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Atom swapping could lead to ultra-bright, flexible next generation LEDs

Mon, 07/06/2021 - 16:25

The researchers, led by the University of Cambridge and the Technical University of Munich, found that by swapping one out of every one thousand atoms of one material for another, they were able to triple the luminescence of a new material class of light emitters known as halide perovskites.  

This ‘atom swapping’, or doping, causes the charge carriers to get stuck in a specific part of the material’s crystal structure, where they recombine and emit light. The results, reported in the Journal of the American Chemical Society, could be useful for low-cost printable and flexible LED lighting, displays for smartphones or cheap lasers.

Many everyday applications now use light-emitting devices (LEDs), such as domestic and commercial lighting, TV screens, smartphones and laptops. The main advantage of LEDs is they consume far less energy than older technologies.

Ultimately, also the entirety of our worldwide communication via the internet is driven by optical signals from very bright light sources that within optical fibres carry information at the speed of light across the globe.

The team studied a new class of semiconductors called halide perovskites in the form of nanocrystals which measure only about a ten-thousandth of the thickness of a human hair. These ‘quantum dots’ are highly luminescent materials: the first high-brilliance QLED TVs incorporating quantum dots recently came onto the market.

The Cambridge researchers, working with Daniel Congreve’s group at Harvard, who are experts in the fabrication of quantum dots, have now greatly improved the light emission from these nanocrystals. They substituted one out of every one thousand atoms with another – swapping lead for manganese ions – and found the luminescence of the quantum dots tripled.

A detailed investigation using laser spectroscopy revealed the origin of this observation. “We found that the charges collect together in the regions of the crystals that we doped,” said Sascha Feldmann from Cambridge’s Cavendish Laboratory, the study’s first author. “Once localised, those energetic charges can meet each other and recombine to emit light in a very efficient manner.”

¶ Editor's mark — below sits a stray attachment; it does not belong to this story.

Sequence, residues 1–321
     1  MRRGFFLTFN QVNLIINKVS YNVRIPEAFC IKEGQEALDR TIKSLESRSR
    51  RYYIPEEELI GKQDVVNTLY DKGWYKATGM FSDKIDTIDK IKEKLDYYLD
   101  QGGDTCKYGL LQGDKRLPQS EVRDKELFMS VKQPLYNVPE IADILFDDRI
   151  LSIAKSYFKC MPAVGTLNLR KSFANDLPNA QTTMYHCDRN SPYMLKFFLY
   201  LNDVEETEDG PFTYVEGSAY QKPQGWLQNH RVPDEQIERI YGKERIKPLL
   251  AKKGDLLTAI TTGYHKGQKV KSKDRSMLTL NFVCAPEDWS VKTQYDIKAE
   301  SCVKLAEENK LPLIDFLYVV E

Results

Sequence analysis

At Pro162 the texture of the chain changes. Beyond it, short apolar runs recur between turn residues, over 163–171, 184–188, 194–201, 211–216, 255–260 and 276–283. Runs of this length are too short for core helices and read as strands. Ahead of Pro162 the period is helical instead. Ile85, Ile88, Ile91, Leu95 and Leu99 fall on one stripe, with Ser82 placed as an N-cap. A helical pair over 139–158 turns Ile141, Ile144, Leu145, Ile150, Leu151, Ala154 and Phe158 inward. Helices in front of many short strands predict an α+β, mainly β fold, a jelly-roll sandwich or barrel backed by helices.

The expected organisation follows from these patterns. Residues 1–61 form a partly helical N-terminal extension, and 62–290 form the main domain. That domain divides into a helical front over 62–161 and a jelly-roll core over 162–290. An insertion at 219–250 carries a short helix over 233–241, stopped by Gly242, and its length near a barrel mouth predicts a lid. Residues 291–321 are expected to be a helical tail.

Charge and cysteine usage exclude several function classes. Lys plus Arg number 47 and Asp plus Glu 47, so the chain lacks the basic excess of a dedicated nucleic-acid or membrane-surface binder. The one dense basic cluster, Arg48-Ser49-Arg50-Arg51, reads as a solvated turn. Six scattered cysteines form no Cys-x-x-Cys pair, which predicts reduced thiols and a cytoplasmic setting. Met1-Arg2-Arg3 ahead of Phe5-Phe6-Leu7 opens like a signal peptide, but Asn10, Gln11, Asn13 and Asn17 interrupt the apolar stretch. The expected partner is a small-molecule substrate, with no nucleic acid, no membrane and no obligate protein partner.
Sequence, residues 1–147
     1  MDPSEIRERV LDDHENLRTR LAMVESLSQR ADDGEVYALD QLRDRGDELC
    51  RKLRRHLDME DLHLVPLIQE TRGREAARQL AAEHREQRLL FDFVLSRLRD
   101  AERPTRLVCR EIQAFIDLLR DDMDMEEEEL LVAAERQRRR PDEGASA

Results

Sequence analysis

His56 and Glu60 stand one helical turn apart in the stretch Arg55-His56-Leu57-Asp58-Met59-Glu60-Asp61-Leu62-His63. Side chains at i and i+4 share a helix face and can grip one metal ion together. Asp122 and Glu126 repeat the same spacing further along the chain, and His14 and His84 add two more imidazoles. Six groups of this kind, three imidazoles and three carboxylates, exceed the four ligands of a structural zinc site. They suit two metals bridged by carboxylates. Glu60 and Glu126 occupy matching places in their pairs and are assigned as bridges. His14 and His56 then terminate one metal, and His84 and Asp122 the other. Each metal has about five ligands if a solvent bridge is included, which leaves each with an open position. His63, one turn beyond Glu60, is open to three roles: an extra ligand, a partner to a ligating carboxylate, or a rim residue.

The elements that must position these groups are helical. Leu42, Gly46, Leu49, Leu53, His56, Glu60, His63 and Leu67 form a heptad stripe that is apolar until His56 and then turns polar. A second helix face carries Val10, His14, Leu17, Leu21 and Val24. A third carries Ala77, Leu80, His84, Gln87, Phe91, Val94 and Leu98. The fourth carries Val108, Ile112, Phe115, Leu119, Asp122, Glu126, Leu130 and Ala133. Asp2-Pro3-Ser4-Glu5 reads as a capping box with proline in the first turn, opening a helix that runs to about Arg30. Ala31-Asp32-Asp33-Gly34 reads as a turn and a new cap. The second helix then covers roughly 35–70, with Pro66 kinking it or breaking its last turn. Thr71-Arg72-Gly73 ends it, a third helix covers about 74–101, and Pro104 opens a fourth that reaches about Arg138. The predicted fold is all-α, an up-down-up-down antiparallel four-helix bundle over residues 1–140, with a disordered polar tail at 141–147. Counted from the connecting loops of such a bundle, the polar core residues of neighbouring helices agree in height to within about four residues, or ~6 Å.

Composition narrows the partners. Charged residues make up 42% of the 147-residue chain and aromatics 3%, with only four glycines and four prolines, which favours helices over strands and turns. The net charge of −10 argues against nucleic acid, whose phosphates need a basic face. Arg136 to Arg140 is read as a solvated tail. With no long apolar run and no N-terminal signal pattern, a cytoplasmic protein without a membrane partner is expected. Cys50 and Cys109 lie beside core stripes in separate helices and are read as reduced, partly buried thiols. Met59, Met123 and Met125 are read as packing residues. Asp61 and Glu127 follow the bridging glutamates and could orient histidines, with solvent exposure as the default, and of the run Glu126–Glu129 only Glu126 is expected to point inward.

“We hope this fascinating discovery: that even smallest changes to the chemical composition can greatly enhance the material properties, will pave the way to cheap and ultrabright LED displays and lasers in the near future,” said senior author Felix Deschler, who is jointly affiliated at the Cavendish and the Walter Schottky Institute at the Technical University of Munich.

In the future, the researchers hope to identify even more efficient dopants which will help make these advanced light technologies accessible to every part of the world.


Sascha Feldmann et al. ‘Charge carrier localization in doped perovskite nanocrystals enhances radiative recombination.’, Journal of the American Chemical Society (2021). DOI: 10.1021/jacs.1c01567

An international group of researchers has developed a new technique that could be used to make more efficient low-cost light-emitting materials that are flexible and can be printed using ink-jet techniques.

Ella Maru StudioArtist’s impression of glowing halide perovskite nanocrystals

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Mind Over Chatter: What is the future?

Thu, 27/05/2021 - 14:22
Season 2, episode 1

This second series of Mind Over Chatter is all about the future - and in this first episode we’re going to be considering what the future even is… Have you ever wondered how time works? It turns out, the answer is a lot more complicated than we thought.

Join our wondering and wonderful conversation with philosopher of science Dr Matt Farr, whose work focuses particularly on what it means for time to have a direction, professor of psychology Nicky Clayton, who looks at the evolution and development of intelligence in non-verbal animals and pre-verbal children, and professor of linguistics and philosophy, Kasia Jaszczolt whose research interests combine semantics, pragmatics, and the metaphysics of time 

We’ll be talking about everything from physics to linguistics… and from broken eggs to Einstein’s theory of relativity. 

Subscribe to Mind Over Chatter

Key points

[04:28] - Does time actually go from past to present to future? And does time really ‘flow’?

[09:53] - How do B-theorists deal with entropy? Can you un-break an egg?

[14:12] - Recap of the first portion of the episode, reviewing A-theory, B-theory and C-theory of time

[18:58] - How the mind understands the subjective concept of time

[27:11] - The Sapir-Whorf Hypothesis and how the way you talk about language affects the way you perceive and think about things

[30:21] - Recap of the second portion of the episode 

[34:02] - How do the mental and linguistic concepts around time fit with philosophical concepts and physics of time?

[45:46] - Is there a conflict between the psychological and linguistic models of time and the way physics handles time?

[48:20] - Recap of the last portion of the episode

Mind Over Chatter: The Cambridge University Podcast